In JavaScript, references between objects are generally 1-1: if you have a reference to one object so that it cannot be garbage collected, then none of the objects it references can be collected either. This changed with the addition of WeakMap and WeakSet in ES2015, where you now need to have a reference to both the WeakMap and a key in order to prevent the corresponding value from being collected.

Since that time, JavaScript has not provided a more advanced API for creating weakly held references, until now. The WeakRef proposal adds this capability. Now Firefox supports the WeakRef and FinalizationRegistry objects.

Hop over to the MDN docs for example usage of WeakRef. Garbage collectors are complicated, so make sure you also read this note of caution before using WeakRefs.

WebAssembly

Firefox 79 includes new WebAssembly functionality:

  • First off, seven new built-in operations are provided for bulk memory operations. For example, copying and initializing allow WebAssembly to model native functions such as memcpy and memmove in a more efficient, performant way.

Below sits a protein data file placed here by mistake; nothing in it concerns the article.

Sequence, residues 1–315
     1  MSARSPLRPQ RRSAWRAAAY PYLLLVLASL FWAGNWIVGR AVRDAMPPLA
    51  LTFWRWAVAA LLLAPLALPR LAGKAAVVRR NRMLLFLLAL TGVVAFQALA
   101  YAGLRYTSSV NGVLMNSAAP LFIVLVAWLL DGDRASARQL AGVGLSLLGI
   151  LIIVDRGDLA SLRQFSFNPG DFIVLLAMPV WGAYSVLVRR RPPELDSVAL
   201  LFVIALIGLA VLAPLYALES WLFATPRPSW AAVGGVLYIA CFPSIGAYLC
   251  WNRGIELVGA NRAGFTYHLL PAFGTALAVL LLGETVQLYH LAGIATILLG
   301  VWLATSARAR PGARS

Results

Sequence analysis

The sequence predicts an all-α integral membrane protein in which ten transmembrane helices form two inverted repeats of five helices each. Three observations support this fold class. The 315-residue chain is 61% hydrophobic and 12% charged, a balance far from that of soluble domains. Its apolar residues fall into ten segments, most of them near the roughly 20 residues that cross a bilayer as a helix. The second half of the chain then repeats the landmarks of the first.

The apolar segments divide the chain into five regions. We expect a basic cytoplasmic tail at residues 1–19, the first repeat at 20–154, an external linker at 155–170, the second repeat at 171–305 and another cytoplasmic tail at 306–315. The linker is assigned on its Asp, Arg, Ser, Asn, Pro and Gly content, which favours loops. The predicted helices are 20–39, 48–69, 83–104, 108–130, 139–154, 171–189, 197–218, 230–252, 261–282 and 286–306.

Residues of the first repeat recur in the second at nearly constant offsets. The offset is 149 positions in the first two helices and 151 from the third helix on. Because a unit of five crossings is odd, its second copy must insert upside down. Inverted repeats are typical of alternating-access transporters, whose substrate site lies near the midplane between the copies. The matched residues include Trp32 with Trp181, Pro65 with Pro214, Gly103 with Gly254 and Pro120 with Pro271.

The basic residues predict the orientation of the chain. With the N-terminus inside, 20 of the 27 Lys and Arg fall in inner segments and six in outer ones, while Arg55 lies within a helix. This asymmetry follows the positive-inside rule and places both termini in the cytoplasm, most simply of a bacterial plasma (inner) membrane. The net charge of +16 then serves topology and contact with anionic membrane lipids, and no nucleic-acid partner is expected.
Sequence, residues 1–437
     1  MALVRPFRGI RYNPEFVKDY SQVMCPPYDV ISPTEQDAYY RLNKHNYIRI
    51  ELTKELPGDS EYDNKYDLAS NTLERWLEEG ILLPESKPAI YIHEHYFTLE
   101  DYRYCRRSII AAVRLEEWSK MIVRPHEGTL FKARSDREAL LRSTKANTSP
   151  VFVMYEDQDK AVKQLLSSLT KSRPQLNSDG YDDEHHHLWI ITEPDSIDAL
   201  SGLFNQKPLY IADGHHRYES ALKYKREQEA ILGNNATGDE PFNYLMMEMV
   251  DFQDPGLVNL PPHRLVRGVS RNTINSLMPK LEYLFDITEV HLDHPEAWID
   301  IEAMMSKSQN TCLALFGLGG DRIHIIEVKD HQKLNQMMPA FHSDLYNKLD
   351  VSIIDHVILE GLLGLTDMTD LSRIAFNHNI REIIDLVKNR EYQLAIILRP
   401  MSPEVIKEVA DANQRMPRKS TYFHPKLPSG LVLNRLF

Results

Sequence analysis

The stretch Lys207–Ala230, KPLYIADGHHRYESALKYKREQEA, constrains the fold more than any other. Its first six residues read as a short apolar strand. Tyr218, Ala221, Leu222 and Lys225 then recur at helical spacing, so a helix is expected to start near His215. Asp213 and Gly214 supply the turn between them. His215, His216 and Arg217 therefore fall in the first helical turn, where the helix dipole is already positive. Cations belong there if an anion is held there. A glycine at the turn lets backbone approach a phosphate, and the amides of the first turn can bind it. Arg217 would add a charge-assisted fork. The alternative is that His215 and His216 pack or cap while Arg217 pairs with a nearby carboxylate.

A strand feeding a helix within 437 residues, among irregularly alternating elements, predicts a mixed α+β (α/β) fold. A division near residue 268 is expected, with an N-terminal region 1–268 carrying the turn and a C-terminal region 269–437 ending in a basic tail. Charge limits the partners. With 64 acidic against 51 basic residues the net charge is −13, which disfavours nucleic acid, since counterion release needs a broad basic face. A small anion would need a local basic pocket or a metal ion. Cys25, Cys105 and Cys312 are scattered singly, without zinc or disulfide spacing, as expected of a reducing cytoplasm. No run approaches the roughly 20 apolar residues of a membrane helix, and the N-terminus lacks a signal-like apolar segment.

• The reference-types proposal is now supported. It provides a new type, externref, which can hold any JavaScript value, for example strings, DOM references, or objects. The wasm-bindgen documentation includes guidance for taking advantage of externref from Rust.
  • With the return of SharedArrayBuffer objects, we’re now also able to support WebAssembly threads. Thus, it is now possible for WebAssembly Memory objects to be shared across multiple WebAssembly instances running in separate Web Workers. The outcome? Very fast communication between Workers, as well as significant performance gains in web applications.
WebExtensions updates

Starting with Firefox 79, developers of tab management extensions can improve the perceived performance when users switch tabs. The new tabs.warmup() function will prepare the tab to be displayed. Developers can use this function, when they anticipate a tab switch, e.g. when hovering over a button or link.